How Much Of Ourselves Should We Reveal Online?
“Writing means revealing oneself to excess” – Franz Kafka
Occasionally when I write something on this blog, I pause before hitting the “publish” button and wonder have I revealed too much of myself? Have I gone too far when I have written about my struggles with depression, infertility and grief? Does it make me less employable should a potential client decide to Google me? Will people judge me? Think less of me? Maybe..sometimes… definitely?
So should I stop more often before I hit publish on my blog?
It would be the sensible thing to do. But I write about these things because I truly believe we do each other no favours by pretending that we have it all together. I actually do have it together much of the time. I am hardworking, diligent and reliable, capable of great things…but I am human too. My struggles make me even more so.
When it comes to potential employment, perhaps revealing too much about our state of mind and health is not the sensible thing to do. When it comes to our blogs, it certainly makes for better writing and a better reader experience.
We must decide on our priorities. I am lucky to have reached a stage in my life, when I can say (and write) that this is who I am. Unfortunately, we all can’t afford this luxury. Sometimes we need to build boundaries around ourselves and be careful how much we reveal. Not everyone will understand the complexities that make up the wonderful person you are.
Do you ever worry you have revealed too much online? Do you hold yourself back for fear of what others might think? I would love to hear your thoughts on this tricky question of how much is too much.
This is an issue that I have agonised over when blogging, tweeting or talking at conferences. I always remind myself that what I’ve written could be read anywhere by anyone and ask myself am I OK with that? Also another check I do is to ask myself what if a family member or close friend read it will that be OK for them or a horrible surprise?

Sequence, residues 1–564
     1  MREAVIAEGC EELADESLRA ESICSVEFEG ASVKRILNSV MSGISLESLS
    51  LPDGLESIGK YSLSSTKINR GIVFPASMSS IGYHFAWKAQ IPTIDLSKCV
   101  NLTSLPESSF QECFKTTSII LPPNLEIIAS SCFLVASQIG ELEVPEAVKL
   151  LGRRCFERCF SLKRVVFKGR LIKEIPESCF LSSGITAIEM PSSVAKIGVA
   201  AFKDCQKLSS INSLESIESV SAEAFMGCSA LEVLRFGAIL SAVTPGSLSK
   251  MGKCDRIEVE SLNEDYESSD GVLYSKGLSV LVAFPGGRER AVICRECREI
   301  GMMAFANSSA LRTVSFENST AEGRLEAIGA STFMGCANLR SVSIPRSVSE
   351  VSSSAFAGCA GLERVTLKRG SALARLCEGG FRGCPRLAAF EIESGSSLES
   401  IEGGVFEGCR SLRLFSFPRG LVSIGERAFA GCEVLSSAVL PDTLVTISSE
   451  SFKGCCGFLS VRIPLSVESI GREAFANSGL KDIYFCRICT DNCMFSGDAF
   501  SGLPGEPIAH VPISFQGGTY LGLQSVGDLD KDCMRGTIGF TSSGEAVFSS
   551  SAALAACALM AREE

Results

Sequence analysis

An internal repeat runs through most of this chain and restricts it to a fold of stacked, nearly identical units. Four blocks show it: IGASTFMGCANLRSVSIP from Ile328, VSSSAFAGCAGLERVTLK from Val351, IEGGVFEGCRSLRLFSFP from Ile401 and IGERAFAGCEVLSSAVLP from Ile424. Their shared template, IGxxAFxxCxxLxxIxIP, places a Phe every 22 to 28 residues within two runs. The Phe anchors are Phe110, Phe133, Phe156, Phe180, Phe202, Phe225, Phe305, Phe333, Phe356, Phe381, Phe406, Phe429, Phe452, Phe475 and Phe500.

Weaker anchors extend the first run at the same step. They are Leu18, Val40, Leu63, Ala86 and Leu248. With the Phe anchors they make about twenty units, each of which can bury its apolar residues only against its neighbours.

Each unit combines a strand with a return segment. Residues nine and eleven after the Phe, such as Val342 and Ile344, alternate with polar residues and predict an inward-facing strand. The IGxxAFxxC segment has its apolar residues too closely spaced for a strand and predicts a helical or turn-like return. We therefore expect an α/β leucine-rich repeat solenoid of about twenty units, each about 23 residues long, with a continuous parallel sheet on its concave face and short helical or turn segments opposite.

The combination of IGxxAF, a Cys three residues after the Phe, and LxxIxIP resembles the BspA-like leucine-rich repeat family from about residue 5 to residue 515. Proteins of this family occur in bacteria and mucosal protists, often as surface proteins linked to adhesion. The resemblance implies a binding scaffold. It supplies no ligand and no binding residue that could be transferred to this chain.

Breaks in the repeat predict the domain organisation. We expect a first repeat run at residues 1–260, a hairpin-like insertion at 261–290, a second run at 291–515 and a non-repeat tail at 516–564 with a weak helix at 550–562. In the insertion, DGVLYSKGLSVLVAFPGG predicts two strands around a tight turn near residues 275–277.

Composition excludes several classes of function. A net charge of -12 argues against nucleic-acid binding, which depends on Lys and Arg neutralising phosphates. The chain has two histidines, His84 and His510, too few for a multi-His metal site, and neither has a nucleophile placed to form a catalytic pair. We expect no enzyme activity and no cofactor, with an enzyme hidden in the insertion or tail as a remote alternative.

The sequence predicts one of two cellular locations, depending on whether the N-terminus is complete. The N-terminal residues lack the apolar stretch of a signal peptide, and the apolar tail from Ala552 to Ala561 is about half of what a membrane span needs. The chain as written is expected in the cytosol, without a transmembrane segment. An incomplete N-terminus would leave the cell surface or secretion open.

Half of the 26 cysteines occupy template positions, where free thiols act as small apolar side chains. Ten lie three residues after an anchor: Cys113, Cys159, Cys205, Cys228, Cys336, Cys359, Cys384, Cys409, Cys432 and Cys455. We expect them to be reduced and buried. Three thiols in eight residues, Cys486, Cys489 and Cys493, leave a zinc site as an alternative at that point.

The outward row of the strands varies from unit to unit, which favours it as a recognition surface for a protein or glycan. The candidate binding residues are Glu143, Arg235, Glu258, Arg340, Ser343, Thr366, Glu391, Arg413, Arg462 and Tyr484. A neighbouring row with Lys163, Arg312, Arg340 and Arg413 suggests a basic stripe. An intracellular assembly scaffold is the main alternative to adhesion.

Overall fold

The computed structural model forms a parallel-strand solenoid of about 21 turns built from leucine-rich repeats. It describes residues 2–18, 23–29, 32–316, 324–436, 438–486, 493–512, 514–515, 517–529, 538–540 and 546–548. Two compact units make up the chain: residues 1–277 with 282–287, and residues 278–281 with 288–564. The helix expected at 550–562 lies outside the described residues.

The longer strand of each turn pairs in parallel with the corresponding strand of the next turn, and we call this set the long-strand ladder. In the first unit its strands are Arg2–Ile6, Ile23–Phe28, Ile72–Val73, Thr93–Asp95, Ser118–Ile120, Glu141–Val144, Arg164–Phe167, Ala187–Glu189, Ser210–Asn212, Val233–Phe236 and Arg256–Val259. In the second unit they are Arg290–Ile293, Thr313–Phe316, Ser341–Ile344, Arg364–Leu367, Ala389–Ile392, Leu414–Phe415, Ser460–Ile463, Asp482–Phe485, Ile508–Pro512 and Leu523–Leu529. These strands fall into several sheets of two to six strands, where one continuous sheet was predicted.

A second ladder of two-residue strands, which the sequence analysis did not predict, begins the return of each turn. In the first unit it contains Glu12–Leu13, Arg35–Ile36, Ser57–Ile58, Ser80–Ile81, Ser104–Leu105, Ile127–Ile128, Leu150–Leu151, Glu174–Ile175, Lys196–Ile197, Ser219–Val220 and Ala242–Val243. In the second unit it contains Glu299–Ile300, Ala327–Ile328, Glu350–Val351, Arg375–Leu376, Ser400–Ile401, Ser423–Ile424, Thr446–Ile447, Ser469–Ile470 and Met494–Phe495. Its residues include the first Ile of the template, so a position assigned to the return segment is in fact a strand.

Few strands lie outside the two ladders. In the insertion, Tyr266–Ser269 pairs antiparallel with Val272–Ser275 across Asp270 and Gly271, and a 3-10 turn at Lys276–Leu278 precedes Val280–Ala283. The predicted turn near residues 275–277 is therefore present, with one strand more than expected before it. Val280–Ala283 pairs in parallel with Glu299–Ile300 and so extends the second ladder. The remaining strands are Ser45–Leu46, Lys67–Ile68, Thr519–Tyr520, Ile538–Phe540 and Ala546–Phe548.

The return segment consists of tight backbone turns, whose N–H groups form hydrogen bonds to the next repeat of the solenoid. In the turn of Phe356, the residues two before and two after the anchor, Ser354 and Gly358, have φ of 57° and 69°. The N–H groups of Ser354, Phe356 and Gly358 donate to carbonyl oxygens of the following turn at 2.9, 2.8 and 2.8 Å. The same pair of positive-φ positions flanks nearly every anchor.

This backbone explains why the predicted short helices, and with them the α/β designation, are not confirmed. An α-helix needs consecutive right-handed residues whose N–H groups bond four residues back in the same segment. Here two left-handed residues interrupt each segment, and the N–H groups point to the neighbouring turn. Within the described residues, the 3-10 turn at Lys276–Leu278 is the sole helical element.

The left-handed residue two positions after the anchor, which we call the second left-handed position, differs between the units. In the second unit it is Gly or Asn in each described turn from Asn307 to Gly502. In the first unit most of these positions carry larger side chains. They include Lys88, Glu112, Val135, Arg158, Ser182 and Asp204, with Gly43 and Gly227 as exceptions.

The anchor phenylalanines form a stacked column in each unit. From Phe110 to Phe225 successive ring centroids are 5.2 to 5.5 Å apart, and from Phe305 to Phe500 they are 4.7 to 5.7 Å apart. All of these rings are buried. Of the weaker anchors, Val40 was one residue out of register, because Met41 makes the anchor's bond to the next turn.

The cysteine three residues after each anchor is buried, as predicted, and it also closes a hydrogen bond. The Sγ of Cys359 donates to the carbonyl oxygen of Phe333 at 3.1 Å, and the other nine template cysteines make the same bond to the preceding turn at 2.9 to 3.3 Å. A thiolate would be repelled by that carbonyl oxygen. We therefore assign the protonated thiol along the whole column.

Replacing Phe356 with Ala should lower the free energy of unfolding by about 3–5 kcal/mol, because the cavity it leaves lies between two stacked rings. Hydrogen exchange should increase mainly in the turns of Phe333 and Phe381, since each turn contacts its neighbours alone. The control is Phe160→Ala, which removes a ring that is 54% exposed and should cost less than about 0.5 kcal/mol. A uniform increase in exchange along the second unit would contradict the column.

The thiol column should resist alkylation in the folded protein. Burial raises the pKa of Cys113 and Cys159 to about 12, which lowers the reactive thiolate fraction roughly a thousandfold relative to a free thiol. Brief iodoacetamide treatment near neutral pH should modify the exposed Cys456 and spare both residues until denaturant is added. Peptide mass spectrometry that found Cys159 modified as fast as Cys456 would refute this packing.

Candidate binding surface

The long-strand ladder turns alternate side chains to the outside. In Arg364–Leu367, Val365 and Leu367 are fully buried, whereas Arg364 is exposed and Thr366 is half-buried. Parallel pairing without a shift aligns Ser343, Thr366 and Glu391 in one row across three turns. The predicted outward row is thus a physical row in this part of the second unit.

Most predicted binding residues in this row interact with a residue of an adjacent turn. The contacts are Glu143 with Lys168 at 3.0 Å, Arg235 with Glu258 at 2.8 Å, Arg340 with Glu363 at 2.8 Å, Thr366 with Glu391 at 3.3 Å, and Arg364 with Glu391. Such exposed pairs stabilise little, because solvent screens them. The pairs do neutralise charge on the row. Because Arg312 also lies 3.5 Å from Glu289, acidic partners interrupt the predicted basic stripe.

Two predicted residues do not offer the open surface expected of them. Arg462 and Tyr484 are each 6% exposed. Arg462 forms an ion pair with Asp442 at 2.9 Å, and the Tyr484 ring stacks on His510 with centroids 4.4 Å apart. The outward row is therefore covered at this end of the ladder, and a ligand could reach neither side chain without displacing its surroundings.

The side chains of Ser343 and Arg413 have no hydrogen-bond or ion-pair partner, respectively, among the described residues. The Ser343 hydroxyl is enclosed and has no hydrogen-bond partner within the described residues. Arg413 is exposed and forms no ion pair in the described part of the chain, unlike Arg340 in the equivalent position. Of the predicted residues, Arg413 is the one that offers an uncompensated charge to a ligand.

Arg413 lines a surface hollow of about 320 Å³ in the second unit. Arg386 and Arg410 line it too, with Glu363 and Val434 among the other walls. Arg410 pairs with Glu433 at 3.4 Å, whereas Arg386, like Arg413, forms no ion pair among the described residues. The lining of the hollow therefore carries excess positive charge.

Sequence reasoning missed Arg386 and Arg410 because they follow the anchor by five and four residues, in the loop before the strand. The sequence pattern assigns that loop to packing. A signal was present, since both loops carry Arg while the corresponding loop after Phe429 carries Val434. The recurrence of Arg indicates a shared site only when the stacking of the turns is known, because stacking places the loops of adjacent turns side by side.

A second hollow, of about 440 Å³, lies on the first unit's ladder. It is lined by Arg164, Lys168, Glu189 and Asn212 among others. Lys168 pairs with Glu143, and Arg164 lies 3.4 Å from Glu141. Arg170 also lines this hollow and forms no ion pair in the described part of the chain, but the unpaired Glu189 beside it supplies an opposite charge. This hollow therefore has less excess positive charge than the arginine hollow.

Sometimes blogging can feel like a private confidential chat but when I hit publish it’s the reverse. Maybe that’s why I’ve been such an absent blogger while doing some part time Non-Executive work in the NHS in case of any potential conflicts of interest or putting off potential employers? However I’m now no longer working for anyone so that has changed my mindset.
Thanks for raising the issue as I’m determined to get back to my blog and make it more personal without it being ‘too much.’
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Thanks Christine for taking the time to comment on this post. Your comments are really helpful to those of us who are trying to figure out where the balance lies between self-protection and self-disclosure. Be sure to let me know when you publish your next post – I’d love to read it.
Thank you for raising the question, Marie – this can be a difficult issue, especially in these days of “trolling.” I previously didn’t say much about myself – I wrote about the things I think about, rather than my personal life. That has changed since I decided to write a book, but there are still details that I keep hidden – not because I’m afraid in case a potential employer or a member of my family might read it – but simply because I’m not yet ready to share it, or I don’t believe it would add anything to the conversation, if I were to share it. But my attitude towards sharing stuff varies from day to day – as I’m sure others’ does.
I really like that last point you make Julia – I agree. My attitude about sharing changes too depending on how I am feeling. Sometimes you just want to share to make a connection and that’s when you share the most. Thanks so much for taking the time to comment here.
This is something I think about a lot. Even now, after nine years blogging, I sometimes still wonder if I’m sharing too much. And yet, I have only scratched the surface! I’m at a point in my life where writing is my career, so I no longer worry about the impact on future employment, but there are so many other areas of one’s life that can be impacted by sharing in such a public way. I always revert back to a piece of advice that our friend Jackie Fox gave me a long time ago: “Never be afraid to write what’s in your heart, Nancy.” Can’t tell you how many times I’ve thought about Jackie’s’ words when I am hesitating to hit that publish button. For me, the benefit of sharing still outweighs the potential pitfalls. If you don’t get at least somewhat personal, what’s really the point of it all? Of course, that’s a very individual thing based on each person’s life circumstances. Thank you for writing about this. xx
What a wonderful comment – thank you Nancy. For a long time for me, the benefit of sharing outweighed the pitfalls, but I must confess that has changed for me recently. It’s a tricky balancing act but I do want readers to be aware that their need to share may change as the months years and go by.
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